The challenges around tackling online violence against women in India is a techno-social issue, with multiple levels of failure at police and law enforcement. For instance, when women approach law enforcement and police to complain against violence, filing of complaints are often delayed, and by the time it is made, the harm has been done. When the police do use the IT Act, and send notices to social media companies, “it takes years for them to get a response since the format is not standardised or structured”, a speaker said during MediaNama’s discussion on encryption. “The fact that we have jumped towards breaking encryption for something that is deeply-rooted. Even our reaction to mob violence was to break encryption online. There are easy and not structural responses,” the speaker said.

The issue was being discussed as part of a workshop, held by MediaNama, with support from Internet Society (Asia Pacific Office), on challenges to encryption in India. Note that the discussion was held under the Chatham House Rule and thus quotes have not been attributed.

“Law enforcement agencies and police have to go through the MLAT [Mutual legal assistance treaty] process to obtain information from a platform like Twitter. Even if you’re a good cop, you fail at this level. These points of failure need to be identified and solved,” a speaker said.

The issue was being discussed as part of a workshop, held by MediaNama, with support from Internet Society, on challenges to encryption in India. Note that the discussion is was under the Chatham House Rule, so quotes have not been attributed.

It is not always a technical issue: “The mentality of the Indian police has caused women to not approach the police. FIRs are public, and having your details out here, is also a cause of concern for women. In one case, the cops filed an FIR (which was public), and made up imaginary details in it. They write as if they know what the issue is,” a speaker said. With these systemic issues persistent, it’s not necessarily a technical problem, the speaker added.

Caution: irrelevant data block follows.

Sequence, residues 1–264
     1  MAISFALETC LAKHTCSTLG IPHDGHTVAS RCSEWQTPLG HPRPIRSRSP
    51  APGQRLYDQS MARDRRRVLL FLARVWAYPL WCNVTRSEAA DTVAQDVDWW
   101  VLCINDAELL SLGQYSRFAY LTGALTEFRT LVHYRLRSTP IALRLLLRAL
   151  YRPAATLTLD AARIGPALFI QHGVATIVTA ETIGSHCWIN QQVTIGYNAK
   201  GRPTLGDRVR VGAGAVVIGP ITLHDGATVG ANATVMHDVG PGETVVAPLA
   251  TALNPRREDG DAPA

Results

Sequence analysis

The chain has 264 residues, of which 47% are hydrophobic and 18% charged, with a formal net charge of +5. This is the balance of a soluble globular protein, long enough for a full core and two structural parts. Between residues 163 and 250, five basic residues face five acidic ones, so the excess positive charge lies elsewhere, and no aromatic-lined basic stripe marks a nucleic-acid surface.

Ignoring cases without monetary loss: “Police and cybercrime stations often ignore cases of online harms and violence against women when there is no monetary loss. They tend to act in cases where there is tangible, quantifiable harm, such as bank fraud,” a speaker said. 

Police training at constable level: “Training of constables and head constables, who record the FIRs, is missing. This leads to errors in the FIRs, mentioning incorrect laws, does not get recorded in the National Crime Records Bureau’s (NCRB) statistics,” a speaker said. For instance,

  • When people complain of being trolled or receiving unwanted information, a lot of metadata is associated with that. Cops need to be trained for these practices. Cyber forensic analysis has never picked up in India. If a woman has an abusive partner, he could be installing spyware on your phone, which could collect your private information. Cops don’t even have the capacity to analyse the phone or charge the person. These investigative practices rarely exist in India.

By asking for breaking encryption instead of examining alternatives, the police are essentially passing the buck onto the platform, another speaker opined. Police officer Rema Rajeshwari, for instance, started a campaign which used more community-rooted ways of spreading counter-misinformation. So we have neither examined alternatives to breaking encryption (to achieve the said goal), nor have to looked at violence against women as a techno-social issue, the person added. 

The VPN dead-end: “The police reach a dead-end when they approach platforms for VPN data. This is nearly impossible as cops don’t even know which VPN service was being used,” a speaker said. Another speaker added that traceability is a huge issue in systems like Tor that use crypto-based algorithms to anonymise IPs.  

Notice-and-takedown effort does not have something that specifically addresses VAW, this was also suggested by IT for Change. New Zealand has an arbitration mechanism, a separate body that looks into online violence against women. This can also be implemented in India. In this situation, the investigation is also taking place, but the issue is resolved via arbitration. 

Some questions that arise

  • What kind of training and improvements are needed in general police and cybercrime?  
  • Will a separate notice-and-takedown effort for online violence against women help? 
  • What are the alternatives, apart from breaking encryption, available to police and law enforcement agencies to tackle cases of violence against women?
  • What kind of evangelism can be done, say to introduce good practice online, so women that keep themselves safe?